Wednesday

10 July 2019

Acts 5:27-32

God exalted him at his right hand as Leader and Saviour that he might give repentance to Israel and forgiveness of sins. And we are witnesses to these things, and so is the Holy Spirit whom God has given to those who obey him. (vs. 31-32)

Psalm: Psalm 119:161-176

Background

The apostles had been arrested the previous day because the high priest and his council were jealous of their success, and they have now been re-arrested after release by an angel overnight and having returned to the temple to continue their teaching. The charge is clearly stated in verse 28, that they had been given strict orders not to teach in the name of Jesus, “yet you have filled Jerusalem with your teaching and you are determined to bring this man’s blood upon us”. See 4:18-20 for the previous warning they refer to, noting how at the time it was given the apostles had declared that they would not comply. Verse 13-16 describe well how they had indeed “filled Jerusalem”, gaining much respect and great numbers of converts as well as healing many. Chapter 5 does not specify the content of their teaching but the claim that they held the Jewish leaders culpable for Jesus’s crucifixion is earlier evident in the words “whom you crucified” (4:10) and is now reinforced in their response in verse 30 to the current charge.

The turn of phrase there, “whom you had killed by hanging him on a tree”, is significant because of Deuteronomy 21:23 which required the corpse of an executed criminal to be hung on a tree for a day by way of example, “for anyone hung on a tree is under God’s curse”. In Peter’s view the Jewish religious authorities, in handing Jesus over to the Romans for execution by crucifixion, were plainly confirming they believed Jesus to be under God’s curse.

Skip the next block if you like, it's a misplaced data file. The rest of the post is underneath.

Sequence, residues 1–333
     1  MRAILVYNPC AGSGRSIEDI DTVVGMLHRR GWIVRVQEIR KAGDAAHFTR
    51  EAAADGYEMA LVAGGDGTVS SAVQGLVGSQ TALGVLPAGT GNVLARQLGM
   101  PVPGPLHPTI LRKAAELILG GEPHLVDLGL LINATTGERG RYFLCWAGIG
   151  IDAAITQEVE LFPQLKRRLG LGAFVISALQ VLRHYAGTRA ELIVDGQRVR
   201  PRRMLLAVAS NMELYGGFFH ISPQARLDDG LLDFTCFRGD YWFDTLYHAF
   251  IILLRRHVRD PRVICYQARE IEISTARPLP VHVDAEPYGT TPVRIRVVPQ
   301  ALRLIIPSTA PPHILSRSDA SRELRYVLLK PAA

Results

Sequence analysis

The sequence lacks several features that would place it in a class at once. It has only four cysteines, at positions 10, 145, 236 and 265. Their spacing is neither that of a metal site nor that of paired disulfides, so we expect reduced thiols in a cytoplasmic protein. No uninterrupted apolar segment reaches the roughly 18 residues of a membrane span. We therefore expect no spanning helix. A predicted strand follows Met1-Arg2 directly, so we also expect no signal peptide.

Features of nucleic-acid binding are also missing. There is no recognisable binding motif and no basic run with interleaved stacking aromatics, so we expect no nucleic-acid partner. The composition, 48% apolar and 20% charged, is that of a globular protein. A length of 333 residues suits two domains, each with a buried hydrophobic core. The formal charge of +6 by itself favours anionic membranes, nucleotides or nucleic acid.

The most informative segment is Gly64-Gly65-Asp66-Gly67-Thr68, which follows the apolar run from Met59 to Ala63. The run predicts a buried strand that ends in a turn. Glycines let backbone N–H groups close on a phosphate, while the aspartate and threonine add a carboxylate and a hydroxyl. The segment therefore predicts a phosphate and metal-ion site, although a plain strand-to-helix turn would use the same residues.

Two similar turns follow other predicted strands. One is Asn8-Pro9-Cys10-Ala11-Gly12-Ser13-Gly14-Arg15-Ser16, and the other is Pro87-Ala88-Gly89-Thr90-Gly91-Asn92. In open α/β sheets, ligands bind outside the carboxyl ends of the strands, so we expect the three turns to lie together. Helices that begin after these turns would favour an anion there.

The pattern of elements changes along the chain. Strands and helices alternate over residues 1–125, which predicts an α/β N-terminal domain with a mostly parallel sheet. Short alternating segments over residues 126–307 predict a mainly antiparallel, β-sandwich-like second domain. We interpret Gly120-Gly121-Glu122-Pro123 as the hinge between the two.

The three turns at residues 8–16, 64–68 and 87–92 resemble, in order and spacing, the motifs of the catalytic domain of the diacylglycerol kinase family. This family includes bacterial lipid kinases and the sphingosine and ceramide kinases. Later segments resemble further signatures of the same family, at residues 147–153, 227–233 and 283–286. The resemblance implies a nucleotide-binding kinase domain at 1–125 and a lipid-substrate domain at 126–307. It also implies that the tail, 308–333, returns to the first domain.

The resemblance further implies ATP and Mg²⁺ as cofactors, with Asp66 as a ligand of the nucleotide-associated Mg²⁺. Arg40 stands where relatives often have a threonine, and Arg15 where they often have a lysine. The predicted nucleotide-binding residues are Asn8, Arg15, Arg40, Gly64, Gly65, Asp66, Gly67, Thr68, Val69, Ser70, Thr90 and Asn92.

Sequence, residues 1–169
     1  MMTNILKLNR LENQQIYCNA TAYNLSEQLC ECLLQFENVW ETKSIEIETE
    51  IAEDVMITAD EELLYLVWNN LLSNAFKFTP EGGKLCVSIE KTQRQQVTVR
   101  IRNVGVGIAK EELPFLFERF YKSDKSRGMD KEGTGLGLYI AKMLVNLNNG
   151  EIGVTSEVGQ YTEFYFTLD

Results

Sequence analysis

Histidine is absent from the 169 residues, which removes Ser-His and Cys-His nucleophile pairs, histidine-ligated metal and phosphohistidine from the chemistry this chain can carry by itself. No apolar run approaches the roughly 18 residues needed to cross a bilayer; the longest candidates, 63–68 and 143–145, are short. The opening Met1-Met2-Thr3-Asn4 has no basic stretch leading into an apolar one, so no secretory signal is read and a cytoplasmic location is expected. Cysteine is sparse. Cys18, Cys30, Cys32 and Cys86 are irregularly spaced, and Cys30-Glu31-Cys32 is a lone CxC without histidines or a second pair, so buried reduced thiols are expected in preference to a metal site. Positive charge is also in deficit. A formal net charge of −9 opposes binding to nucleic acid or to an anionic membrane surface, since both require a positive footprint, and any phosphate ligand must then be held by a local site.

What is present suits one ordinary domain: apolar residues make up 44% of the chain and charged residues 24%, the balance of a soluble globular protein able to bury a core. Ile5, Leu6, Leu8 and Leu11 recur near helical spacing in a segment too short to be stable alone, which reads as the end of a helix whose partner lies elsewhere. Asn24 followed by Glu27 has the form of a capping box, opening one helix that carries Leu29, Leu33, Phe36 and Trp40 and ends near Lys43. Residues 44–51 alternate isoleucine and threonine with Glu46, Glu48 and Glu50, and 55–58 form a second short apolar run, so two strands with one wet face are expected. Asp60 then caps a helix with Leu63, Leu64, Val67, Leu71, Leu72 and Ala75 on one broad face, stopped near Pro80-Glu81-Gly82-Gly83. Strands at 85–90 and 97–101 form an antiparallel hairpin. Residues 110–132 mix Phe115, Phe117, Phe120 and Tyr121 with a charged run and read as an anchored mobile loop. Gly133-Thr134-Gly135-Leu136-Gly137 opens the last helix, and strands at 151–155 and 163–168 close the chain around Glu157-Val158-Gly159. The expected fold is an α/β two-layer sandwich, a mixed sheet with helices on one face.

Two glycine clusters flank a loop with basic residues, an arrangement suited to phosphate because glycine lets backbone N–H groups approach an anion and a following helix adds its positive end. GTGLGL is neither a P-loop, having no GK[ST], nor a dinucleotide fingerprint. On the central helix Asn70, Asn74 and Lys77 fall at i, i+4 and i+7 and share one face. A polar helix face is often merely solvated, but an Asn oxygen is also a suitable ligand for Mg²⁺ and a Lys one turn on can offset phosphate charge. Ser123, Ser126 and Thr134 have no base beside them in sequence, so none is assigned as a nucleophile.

As ever in Acts, the apostles quickly turn the focus of their message onto God’s raising Jesus from the dead, and more particularly here on the exaltation to God’s right hand, the position of chief representative or “Leader”. But also here he is called “Saviour” – the noun is rarely used in the New Testament until the short late letters towards its end – in order to emphasise the availability of repentance and forgiveness even to these men who were most directly guilty of the judicial murder of Jesus.

Verse 32 would seem to suggest that only those who have received the Holy Spirit, in other words who have repented and been forgiven according to Acts 2:38, can truly make give effective testimony regarding Jesus. 

 

To Ponder:

  • Christians, even in supposedly liberal societies, are sometimes instructed that they must not proclaim their faith by word or gesture, for example in their workplace. How do you think they should respond?
  • The last sentence in the Background notes above suggests that one way the Holy Spirit witnesses to the truth about Jesus is by inspiring believers to speak out. Can you think of other ways in which the Holy Spirit makes such witness?

Bible notes author

The Revd Dr Stephen Mosedale

Stephen Mosedale is a retired Methodist minister living near Exeter, enjoying walking, gardening, and membership of a vegetable-growing co-op. He fulfils responsibilities for ministerial candidates, local preachers and worship leaders, and as a school governor. He has a particular interest in the natural world and its significance to faith, especially in the context of climate crisis. A former New Testament tutor at Cliff College, he has a passion for helping others use the Bible as our main way of knowing what God has to say to us in the world of today.